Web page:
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When you run rails generate rspec:install, the spec/spec_helper.rb file includes the following configuration:

RSpec.configure do |config|
  config.use_transactional_fixtures = true
end

The name of this setting is a bit misleading. What it really means in Rails is "run every test method within a transaction." In the context of rspec-rails, it means "run every example within a transaction."

The idea is to start each example with a clean database, create whatever data is necessary for that example, and then remove that data by simply rolling back the transaction at the end of the example.

Disabling transactions

If you prefer to manage the data yourself, or using another tool like database_cleaner to do it for you, simply tell RSpec to tell Rails not to manage transactions:

RSpec.configure do |config|
  config.use_transactional_fixtures = false
end

Data created in before(:each) are rolled back

Any data you create in a before(:each) hook will be rolled back at the end of the example. This is a good thing because it means that each example is isolated from state that would otherwise be left around by the examples that already ran. For example:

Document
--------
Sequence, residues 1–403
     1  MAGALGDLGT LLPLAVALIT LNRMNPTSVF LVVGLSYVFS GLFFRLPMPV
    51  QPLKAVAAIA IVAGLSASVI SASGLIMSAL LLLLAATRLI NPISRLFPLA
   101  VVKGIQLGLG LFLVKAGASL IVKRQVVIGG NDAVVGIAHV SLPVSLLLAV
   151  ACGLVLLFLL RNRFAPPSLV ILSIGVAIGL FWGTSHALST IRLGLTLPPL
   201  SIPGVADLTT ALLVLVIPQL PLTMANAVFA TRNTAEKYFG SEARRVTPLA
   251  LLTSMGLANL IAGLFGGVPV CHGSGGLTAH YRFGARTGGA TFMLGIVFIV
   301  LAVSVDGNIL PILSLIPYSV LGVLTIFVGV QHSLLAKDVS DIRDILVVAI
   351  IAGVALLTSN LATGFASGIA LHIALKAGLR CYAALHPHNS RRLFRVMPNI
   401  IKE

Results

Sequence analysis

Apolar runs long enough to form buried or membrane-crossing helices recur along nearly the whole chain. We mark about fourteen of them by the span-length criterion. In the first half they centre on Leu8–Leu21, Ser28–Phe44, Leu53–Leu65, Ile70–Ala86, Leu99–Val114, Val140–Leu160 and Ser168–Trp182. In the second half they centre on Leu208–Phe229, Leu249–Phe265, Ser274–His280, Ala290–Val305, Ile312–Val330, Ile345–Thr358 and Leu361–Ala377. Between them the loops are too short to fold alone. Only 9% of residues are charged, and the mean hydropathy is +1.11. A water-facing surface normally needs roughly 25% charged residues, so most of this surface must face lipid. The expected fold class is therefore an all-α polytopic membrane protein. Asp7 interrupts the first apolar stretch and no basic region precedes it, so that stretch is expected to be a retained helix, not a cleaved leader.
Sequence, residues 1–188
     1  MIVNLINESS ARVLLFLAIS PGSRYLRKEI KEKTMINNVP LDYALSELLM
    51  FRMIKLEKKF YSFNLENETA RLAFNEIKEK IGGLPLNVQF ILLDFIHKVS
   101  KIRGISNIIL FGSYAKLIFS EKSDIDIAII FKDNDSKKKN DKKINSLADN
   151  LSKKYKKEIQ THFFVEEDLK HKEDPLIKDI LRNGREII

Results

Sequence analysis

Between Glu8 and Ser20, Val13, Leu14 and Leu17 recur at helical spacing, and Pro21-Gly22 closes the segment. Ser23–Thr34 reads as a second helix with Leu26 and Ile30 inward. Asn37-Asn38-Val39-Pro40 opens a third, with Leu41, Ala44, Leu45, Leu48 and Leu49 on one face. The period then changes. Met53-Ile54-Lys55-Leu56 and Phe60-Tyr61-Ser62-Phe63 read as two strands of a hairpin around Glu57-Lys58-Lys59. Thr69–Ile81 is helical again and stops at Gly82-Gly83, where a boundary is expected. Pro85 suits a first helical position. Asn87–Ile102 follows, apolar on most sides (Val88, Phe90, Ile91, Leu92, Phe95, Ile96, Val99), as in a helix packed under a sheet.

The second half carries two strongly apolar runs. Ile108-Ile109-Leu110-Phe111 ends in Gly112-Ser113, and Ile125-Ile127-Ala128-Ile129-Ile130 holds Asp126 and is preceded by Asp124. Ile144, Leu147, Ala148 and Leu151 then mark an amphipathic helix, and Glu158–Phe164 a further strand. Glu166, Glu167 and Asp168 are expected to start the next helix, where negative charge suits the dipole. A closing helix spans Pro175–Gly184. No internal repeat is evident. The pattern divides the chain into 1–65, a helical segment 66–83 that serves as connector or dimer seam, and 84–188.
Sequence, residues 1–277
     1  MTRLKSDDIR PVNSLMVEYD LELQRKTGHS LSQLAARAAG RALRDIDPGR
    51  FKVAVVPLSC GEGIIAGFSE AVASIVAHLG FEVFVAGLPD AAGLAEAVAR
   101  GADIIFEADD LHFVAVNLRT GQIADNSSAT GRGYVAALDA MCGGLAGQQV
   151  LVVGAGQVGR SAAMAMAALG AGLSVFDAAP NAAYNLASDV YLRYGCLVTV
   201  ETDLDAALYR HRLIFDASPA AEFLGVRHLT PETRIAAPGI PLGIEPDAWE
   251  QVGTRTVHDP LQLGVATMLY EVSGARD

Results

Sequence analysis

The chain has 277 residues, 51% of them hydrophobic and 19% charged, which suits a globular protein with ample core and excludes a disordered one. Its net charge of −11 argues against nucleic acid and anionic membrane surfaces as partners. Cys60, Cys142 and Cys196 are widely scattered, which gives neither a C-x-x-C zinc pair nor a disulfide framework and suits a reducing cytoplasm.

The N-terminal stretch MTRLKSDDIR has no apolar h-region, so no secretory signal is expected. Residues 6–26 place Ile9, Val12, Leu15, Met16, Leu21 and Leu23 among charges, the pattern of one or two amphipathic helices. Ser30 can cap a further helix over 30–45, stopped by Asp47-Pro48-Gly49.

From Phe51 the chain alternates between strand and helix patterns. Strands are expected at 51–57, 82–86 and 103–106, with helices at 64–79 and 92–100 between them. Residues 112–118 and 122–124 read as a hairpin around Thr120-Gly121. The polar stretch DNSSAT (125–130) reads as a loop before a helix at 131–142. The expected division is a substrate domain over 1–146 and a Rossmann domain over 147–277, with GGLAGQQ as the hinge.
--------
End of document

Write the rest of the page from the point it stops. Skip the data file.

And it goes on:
describe Widget do
  before(:each) do
    @widget = Widget.create
  end

  it "does something" do
    expect(@widget).to do_something
  end

  it "does something else" do
    expect(@widget).to do_something_else
  end
end

The @widget is recreated in each of the two examples above, so each example has a different object, and the underlying data is rolled back so the data backing the @widget in each example is new.

Data created in before(:all) are not rolled back

before(:all) hooks are invoked before the transaction is opened. You can use this to speed things up by creating data once before any example in a group is run, however, this introduces a number of complications and you should only do this if you have a firm grasp of the implications. Here are a couple of guidelines:

  1. Be sure to clean up any data in an after(:all) hook:

    before(:all) do
      @widget = Widget.create!
    end
    
    after(:all) do
      @widget.destroy
    end
    

    If you don't do that, you'll leave data lying around that will eventually interfere with other examples.

  2. Reload the object in a before(:each) hook.

    before(:all) do
      @widget = Widget.create!
    end
    
    before(:each) do
      @widget.reload
    end
    

    Even though database updates in each example will be rolled back, the object won't know about those rollbacks so the object and its backing data can easily get out of sync.

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